|Publication number||US7257788 B2|
|Application number||US 10/904,397|
|Publication date||Aug 14, 2007|
|Filing date||Nov 8, 2004|
|Priority date||Nov 8, 2004|
|Also published as||CN1804847A, CN100405378C, US20060101362, US20070220468|
|Publication number||10904397, 904397, US 7257788 B2, US 7257788B2, US-B2-7257788, US7257788 B2, US7257788B2|
|Inventors||Allen P. Haar, Joseph A. Iadanza, Sebastian T. Ventrone, Ivan L. Wemple|
|Original Assignee||International Business Machines Corporation|
|Export Citation||BiBTeX, EndNote, RefMan|
|Patent Citations (17), Referenced by (7), Classifications (5), Legal Events (7)|
|External Links: USPTO, USPTO Assignment, Espacenet|
1. Technical Field
The present invention relates to integrated circuit design methods in general, and, in particular, to a method for assigning clock-gated circuits within an integrated circuit design. Still more particularly, the present invention relates to a method for converting globally clock-gated circuits to locally clock-gated circuits within an integrated circuit design.
2. Description of Related Art
A digital integrated circuit (IC) design typically employs many clock-gated circuits, such as flip-flops, latches, etc., that are periodically clocked by edges of a clock signal. Since there is a very large number (thousands or millions) of clock-gated circuits within an IC design, a single clock signal driver normally cannot directly supply a clock signal to all of the clock-gated circuits. Instead, a global clock tree having a set of buffers arranged in a tree-like network is utilized to supply clock signals to various clock-gated circuits. All circuits clocked by a global clock tree are considered as globally clock-gated circuits.
In order to ensure proper synchronization between various parts of a circuit design, each clock signal edge should reach all synchronization points at substantially the same time. Thus, the time required for a clock signal edge to travel from its source to any clock-gated circuit should be substantially the same for all paths it follows through the global clock tree. The time required for a clock signal edge to work its way through the global clock tree from its source to a globally clock-gated circuit depends on many factors, such as the lengths of conductors in the path, the number of buffers the edge must pass through, the switching delay of each buffer, the amount of attenuation of the clock signal incurs between buffer stages, and the load each buffer must drive. Accordingly, the global clock tree needs to be balanced by ensuring that all clock signal paths between any two tree levels are of substantially similar length and impedance, that all buffers at any level of the global clock tree drive the same number of buffers or globally clock-gated circuits at the next level of the global clock tree, and that all buffers on any given level have similar characteristics.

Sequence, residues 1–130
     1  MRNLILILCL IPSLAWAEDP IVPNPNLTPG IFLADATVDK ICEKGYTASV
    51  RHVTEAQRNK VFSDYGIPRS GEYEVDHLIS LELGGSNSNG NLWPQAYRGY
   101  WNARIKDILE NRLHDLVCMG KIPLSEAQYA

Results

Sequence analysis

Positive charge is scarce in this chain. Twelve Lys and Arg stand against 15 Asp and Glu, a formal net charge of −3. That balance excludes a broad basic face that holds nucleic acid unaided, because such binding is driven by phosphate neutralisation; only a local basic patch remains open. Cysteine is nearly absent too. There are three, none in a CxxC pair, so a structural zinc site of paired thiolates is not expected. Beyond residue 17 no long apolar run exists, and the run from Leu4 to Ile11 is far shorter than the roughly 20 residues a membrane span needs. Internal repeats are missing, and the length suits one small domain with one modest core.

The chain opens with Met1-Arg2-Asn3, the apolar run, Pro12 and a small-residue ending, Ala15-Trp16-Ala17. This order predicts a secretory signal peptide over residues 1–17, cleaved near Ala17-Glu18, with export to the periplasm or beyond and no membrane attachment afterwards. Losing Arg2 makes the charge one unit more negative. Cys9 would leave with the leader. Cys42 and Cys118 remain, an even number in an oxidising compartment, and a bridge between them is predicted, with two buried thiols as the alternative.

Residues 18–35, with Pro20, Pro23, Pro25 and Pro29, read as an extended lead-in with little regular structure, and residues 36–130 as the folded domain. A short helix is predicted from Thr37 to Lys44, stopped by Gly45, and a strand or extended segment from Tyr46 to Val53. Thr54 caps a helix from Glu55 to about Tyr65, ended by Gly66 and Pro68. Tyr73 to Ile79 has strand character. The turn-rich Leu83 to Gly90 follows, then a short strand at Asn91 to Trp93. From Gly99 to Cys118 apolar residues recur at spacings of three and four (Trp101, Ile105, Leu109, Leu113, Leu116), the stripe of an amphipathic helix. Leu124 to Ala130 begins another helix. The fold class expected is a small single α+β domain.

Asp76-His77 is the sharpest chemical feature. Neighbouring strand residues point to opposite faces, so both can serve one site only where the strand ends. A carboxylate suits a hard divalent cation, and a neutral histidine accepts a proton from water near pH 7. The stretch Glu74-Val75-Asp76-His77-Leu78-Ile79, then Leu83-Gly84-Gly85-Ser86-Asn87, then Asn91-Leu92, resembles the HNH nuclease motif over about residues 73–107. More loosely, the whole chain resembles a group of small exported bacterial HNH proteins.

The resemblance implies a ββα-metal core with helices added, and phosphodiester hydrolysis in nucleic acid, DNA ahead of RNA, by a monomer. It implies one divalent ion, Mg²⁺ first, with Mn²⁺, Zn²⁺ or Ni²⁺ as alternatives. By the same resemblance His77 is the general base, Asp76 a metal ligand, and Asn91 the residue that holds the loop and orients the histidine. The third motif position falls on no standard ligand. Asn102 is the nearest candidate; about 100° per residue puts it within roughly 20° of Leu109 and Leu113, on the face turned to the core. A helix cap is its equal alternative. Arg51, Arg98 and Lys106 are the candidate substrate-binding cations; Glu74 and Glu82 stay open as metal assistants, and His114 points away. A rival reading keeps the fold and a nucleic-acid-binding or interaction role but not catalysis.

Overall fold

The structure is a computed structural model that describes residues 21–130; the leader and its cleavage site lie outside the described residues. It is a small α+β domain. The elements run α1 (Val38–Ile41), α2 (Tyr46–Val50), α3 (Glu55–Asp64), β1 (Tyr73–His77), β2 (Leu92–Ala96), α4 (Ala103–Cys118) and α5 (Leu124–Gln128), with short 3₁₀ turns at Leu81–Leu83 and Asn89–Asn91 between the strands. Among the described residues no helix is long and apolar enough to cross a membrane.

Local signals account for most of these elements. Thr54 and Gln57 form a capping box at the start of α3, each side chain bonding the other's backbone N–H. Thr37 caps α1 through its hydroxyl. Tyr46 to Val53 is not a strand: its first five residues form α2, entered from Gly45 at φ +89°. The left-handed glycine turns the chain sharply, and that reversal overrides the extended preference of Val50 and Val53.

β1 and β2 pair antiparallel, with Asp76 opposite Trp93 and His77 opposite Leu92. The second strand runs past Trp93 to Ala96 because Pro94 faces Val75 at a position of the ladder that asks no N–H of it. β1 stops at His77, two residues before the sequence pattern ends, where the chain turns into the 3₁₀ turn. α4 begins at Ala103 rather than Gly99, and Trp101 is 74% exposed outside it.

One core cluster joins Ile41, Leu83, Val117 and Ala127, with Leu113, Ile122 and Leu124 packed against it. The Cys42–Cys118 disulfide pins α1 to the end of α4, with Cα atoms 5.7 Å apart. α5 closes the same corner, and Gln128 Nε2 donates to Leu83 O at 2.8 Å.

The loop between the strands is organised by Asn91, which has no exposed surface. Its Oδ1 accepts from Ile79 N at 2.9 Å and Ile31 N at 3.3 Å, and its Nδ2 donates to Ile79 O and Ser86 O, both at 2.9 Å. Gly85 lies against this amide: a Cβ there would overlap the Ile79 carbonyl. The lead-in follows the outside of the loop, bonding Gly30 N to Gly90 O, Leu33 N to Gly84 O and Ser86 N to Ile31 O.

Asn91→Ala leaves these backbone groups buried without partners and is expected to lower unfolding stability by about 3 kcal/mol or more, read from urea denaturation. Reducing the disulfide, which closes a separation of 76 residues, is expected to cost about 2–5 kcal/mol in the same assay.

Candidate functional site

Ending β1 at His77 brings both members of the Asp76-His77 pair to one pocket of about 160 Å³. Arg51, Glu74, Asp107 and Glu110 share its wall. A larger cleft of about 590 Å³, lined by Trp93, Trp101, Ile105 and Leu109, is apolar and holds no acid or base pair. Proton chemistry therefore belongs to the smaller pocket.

Generally speaking, global clock trees consume a relatively large amount of power. Global clock trees typically attribute to approximately 30-60% of the total power consumption of an IC design. In addition, the clocking of a global clock tree requires a rigid boundary between pipeline stages such that all logic must line up upon the boundaries. Thus, the ability to improve performance either in the current pipeline stage or in the next pipeline stage becomes locked to the clock boundary. The present disclosure provides a method for reducing overall clocking power consumption of an IC design such that additional flexibility in clock management can be achieved.
In accordance with a preferred embodiment of the present invention, a timing analysis is initially performed on an integrated circuit (IC) design to generate a slack time report for all globally clock-gated circuits within the IC design. Based on their respective slack time indicated in the slack time report, all globally clock-gated circuits that should be connected to locally generated clocks are identified. After disconnecting from a global clock tree, each of the identified globally clock-gated circuits is subsequently connected to a locally generated clock having a clock delay comparable to its slack time indicated in the slack time report.
All features and advantages of the present invention will become apparent in the following detailed written description.
The invention itself, as well as a preferred mode of use, further objects, and advantages thereof, will best be understood by reference to the following detailed description of an illustrative embodiment when read in conjunction with the accompanying drawings, wherein:
Referring now to the drawings and in particular to
Many circuits in the digital portion of an IC design change their logic states very infrequently but continue to be clocked in a synchronous fashion by a high-power clock tree, such as global clock tree 10 in